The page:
How I Kept My New Year’s Resolution to Complete 365 Days of Fitness – Working Out All Over the World

HAfter walking for miles through the snowy Norwegian forest, I finally reached my cabin in the woods. Piling wood in the open fireplace, I lit a match and watched the frost begin to melt. But even with my limbs tense from the icy exterior, I wasn’t done moving and stretching for the day. It was going to be a challenge to set up a routine here, but I was committed to my New Year’s resolution: training every day for an entire year.

My Norwegian Airbnb listing had suggested there was exercise equipment here for guests – but after searching the cabin from top to bottom, all I could find was a pair of Olympic rings. Thinking, “Why not?”, I hung them from a sturdy ceiling beam and nailed an hour of pull-ups before going to relax in the cabin’s wood-fired sauna.

Before 2022, I would never have imagined that I would be building makeshift gymnasiums over a weekend, but after committing to the challenge on New Year’s Day, I quickly found immense joy and satisfaction. finding creative ways to sweat – no matter where in the world I was.

Calum outdoor gym found in Mexico City

(Calum McSwiggan)

As a travel writer and content creator, I spend most of my time on the road. Like anyone who travels a lot for work, being constantly on the go meant constant excuses for me not to train. Early morning flights, delays, poorly stocked hotel gyms – I’d pick any reason out of thin air, but over the past year and after the resolution, I realized there was literally always a way. Whether you’re in Prague for a conference or in Barbados for a beach vacation, exercise doesn’t have to be a chore. In fact, it can significantly enrich the experience.

The rules of my fitness and travel resolution were simple: as long as I got in a workout of at least 45 minutes, it didn’t matter what it was. I could take a hotel instructor course, go rock climbing, do gymnastics, or lift weights. Of course, I also took into account “rest days” – during these days I could do yoga, run, cycle or go swimming. It was the variety and destination specific activities that made it fun, not a faff.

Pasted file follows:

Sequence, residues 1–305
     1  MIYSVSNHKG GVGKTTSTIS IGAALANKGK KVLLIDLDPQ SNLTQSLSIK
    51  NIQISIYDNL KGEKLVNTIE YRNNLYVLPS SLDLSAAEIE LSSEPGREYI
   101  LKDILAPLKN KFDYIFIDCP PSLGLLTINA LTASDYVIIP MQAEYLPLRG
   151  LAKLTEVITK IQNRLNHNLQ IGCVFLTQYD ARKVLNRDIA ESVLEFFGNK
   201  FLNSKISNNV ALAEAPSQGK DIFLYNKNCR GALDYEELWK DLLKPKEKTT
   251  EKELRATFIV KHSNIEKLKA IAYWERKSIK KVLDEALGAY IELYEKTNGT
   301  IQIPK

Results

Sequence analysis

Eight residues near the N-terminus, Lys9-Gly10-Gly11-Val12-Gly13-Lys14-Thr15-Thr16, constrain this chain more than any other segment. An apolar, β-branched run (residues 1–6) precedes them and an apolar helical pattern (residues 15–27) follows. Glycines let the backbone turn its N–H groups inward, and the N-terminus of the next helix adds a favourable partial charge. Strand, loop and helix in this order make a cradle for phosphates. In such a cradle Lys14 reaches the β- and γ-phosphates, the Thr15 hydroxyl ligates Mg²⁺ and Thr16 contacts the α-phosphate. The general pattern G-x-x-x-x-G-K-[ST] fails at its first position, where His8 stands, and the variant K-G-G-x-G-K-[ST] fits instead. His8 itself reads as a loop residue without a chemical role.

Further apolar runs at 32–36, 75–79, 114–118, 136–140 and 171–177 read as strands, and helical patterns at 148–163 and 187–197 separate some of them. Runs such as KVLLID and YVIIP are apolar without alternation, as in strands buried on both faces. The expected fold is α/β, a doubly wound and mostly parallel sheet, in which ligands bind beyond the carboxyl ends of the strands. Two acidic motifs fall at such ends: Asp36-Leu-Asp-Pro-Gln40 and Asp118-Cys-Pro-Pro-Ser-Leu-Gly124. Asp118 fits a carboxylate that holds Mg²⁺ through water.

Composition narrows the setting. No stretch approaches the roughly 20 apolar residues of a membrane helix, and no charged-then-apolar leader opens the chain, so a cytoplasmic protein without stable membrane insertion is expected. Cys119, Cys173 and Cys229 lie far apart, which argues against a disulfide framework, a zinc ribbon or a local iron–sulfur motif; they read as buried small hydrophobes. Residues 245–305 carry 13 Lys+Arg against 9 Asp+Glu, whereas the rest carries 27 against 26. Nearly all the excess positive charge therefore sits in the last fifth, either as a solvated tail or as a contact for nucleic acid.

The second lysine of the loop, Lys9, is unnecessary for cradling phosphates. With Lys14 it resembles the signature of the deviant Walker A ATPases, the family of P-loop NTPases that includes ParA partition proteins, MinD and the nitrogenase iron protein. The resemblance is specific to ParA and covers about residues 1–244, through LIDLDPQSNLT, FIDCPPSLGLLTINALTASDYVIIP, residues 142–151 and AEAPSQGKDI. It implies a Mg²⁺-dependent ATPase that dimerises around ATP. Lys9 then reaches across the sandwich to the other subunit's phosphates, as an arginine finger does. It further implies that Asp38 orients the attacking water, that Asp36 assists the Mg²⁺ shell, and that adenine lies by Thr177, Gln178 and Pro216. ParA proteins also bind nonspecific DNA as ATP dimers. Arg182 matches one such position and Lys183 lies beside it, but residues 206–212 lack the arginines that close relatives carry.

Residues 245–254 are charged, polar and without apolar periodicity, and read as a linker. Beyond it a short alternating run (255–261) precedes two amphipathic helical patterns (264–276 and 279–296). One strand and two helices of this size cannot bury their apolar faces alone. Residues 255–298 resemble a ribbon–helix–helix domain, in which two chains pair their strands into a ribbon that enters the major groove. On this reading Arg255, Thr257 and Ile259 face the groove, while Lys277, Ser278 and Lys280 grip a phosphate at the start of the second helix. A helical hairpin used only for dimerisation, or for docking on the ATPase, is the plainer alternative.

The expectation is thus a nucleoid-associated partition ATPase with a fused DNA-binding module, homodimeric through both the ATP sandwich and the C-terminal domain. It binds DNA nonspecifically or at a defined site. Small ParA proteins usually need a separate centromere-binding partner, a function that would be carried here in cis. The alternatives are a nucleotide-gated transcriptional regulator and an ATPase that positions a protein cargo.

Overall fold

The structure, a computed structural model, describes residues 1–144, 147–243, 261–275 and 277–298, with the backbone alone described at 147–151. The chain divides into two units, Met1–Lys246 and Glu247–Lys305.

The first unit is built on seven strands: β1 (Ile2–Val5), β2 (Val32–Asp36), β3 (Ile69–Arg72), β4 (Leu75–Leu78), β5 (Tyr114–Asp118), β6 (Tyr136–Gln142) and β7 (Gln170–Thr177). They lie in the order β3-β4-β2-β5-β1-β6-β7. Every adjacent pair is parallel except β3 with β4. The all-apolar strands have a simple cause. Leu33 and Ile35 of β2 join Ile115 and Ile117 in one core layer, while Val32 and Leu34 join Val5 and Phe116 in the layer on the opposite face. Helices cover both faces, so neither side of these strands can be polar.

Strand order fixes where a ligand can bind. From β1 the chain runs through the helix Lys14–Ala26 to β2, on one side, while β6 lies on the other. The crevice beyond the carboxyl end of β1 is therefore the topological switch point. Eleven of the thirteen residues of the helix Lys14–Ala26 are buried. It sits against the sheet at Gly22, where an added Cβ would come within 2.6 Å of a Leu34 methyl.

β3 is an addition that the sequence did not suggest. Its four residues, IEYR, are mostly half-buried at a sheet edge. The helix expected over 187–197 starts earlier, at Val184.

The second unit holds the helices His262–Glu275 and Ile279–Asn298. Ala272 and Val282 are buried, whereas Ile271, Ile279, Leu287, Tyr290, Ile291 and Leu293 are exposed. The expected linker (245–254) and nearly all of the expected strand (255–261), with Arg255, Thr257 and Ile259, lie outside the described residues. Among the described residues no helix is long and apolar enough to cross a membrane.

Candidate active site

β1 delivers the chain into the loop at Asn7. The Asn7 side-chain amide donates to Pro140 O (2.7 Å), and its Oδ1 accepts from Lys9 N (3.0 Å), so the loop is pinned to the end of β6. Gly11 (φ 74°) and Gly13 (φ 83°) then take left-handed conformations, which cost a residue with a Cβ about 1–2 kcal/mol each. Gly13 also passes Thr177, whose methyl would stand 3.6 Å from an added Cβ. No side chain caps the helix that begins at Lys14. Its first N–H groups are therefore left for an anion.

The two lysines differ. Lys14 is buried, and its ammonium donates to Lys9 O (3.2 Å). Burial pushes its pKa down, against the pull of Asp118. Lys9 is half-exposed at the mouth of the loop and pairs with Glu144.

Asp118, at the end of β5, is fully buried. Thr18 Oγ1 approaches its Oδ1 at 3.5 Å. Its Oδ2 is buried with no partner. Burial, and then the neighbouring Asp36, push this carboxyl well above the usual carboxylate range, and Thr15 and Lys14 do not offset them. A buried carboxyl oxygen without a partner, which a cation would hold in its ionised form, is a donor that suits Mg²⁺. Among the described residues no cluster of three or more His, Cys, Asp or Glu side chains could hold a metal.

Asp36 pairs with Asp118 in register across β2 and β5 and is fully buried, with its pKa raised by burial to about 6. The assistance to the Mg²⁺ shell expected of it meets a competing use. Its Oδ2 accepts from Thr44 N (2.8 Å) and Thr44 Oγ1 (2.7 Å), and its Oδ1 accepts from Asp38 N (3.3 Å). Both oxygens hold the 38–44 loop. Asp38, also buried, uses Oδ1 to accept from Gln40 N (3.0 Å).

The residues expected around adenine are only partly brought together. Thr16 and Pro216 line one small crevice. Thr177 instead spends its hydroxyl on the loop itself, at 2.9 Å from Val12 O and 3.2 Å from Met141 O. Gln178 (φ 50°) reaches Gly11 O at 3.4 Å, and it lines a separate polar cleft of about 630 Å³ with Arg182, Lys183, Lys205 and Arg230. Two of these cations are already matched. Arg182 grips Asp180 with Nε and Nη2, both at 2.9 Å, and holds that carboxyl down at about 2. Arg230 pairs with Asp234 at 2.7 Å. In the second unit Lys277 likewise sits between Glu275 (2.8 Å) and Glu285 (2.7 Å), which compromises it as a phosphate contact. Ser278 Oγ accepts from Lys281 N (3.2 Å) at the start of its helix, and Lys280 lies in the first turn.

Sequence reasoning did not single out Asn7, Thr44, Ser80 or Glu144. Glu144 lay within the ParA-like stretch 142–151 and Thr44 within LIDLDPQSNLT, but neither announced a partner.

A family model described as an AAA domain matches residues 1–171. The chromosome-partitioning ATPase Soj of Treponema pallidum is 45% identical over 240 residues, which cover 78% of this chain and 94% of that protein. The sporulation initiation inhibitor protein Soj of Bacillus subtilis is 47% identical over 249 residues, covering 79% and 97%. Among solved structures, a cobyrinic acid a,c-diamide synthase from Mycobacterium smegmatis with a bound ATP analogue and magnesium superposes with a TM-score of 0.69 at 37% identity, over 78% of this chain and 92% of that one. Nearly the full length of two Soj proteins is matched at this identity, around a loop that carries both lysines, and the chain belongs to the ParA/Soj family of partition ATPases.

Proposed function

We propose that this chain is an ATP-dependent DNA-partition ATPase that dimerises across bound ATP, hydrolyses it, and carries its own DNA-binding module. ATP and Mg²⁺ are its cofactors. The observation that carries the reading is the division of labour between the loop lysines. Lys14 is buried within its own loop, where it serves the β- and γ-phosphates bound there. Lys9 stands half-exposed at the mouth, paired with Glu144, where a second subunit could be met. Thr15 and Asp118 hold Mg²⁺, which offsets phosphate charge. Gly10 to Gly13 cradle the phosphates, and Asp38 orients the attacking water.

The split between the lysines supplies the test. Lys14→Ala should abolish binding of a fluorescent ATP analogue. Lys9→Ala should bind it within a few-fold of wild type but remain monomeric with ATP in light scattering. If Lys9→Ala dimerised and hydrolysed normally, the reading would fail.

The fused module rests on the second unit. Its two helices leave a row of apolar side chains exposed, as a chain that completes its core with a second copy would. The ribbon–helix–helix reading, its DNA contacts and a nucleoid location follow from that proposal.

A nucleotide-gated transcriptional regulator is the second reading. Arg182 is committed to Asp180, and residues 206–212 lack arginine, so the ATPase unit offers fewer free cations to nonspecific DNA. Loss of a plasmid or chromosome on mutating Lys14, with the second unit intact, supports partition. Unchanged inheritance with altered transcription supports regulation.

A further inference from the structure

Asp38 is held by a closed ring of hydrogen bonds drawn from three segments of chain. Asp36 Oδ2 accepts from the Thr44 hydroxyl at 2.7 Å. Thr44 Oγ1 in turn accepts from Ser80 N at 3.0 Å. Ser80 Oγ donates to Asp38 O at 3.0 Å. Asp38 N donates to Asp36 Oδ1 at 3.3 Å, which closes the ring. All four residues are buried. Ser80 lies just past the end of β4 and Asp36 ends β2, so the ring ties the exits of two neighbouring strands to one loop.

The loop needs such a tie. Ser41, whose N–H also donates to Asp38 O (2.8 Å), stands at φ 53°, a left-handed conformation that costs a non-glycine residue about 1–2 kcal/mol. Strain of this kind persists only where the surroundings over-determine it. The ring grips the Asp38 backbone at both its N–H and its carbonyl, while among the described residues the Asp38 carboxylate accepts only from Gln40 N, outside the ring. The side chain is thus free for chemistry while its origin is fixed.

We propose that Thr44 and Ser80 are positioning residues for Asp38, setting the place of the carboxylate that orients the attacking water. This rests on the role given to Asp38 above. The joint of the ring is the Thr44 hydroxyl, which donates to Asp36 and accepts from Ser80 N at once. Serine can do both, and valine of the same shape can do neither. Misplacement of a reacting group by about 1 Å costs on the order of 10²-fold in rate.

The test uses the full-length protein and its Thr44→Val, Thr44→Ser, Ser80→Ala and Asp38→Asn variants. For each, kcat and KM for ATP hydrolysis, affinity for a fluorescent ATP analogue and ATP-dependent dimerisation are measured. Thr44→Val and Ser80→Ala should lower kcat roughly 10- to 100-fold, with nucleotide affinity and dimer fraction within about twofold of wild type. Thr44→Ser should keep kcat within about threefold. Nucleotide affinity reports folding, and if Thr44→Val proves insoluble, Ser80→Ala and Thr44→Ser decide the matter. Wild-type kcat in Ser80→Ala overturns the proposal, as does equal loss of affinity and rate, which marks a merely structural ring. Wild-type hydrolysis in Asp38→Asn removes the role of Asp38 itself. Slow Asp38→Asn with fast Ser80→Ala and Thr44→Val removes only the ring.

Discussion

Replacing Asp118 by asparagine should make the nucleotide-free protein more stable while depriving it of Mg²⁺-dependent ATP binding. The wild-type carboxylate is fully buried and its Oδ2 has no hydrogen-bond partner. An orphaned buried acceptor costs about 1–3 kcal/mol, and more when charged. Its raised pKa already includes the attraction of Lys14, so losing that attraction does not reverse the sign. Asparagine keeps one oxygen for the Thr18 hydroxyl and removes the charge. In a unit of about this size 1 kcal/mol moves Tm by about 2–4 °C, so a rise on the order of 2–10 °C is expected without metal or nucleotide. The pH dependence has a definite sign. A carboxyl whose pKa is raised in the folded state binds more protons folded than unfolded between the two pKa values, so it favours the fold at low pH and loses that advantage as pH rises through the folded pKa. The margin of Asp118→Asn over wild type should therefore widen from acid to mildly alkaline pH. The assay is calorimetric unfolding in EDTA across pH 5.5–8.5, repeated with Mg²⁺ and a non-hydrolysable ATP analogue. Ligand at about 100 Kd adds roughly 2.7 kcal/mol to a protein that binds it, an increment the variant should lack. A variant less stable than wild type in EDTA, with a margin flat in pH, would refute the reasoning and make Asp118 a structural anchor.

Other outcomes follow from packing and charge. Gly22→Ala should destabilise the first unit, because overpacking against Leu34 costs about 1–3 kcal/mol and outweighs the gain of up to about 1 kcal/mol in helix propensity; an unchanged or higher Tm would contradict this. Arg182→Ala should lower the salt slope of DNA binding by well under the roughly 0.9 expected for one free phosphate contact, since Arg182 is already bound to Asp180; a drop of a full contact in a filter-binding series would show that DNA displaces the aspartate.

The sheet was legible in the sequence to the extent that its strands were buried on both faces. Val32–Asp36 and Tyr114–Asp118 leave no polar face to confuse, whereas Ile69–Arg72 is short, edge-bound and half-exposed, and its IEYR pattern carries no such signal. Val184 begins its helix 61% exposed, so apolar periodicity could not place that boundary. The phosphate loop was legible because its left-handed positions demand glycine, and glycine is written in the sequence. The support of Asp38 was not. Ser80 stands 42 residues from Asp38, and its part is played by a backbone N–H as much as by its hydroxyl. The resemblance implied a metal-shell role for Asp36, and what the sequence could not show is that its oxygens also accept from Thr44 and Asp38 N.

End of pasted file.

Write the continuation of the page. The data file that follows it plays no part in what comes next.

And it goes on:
Naturally, there were occasional mornings where I had to wake up stupidly early to do squats and push-ups at 4am before leaving for the airport; but for the most part it meant trying dozens of new things. I lifted weights in outdoor gyms in Miami and Barcelona; I rented a bike and cycled along the rainforest trails in Panama. I would strive to find the fun and the unusual, whether it’s the unique “flamingo yoga” class at the Baha Mar resort in the Bahamas or a long coastal swim in waters filled with stingrays, sea turtles sea ​​and sharks (very friendly) in the neighboring resort of Atlantis.

I worked my heart out mastering a paddleboard on the waters of Millpond in the Caribbean, took on a sandboard in the deserts of Peru, and swam on ice in freezing Finland. (When I say “swimming”, I mean I lasted seven seconds tossing about in the water. But I’m sure Wim Hof ​​would say it was good for you.)

Things didn’t always go as planned. I quickly ushered my yoga mat inside after spotting a terrifying snake slithering through the Costa Rican foliage. But for the most part, my workouts have brought me nothing but joy.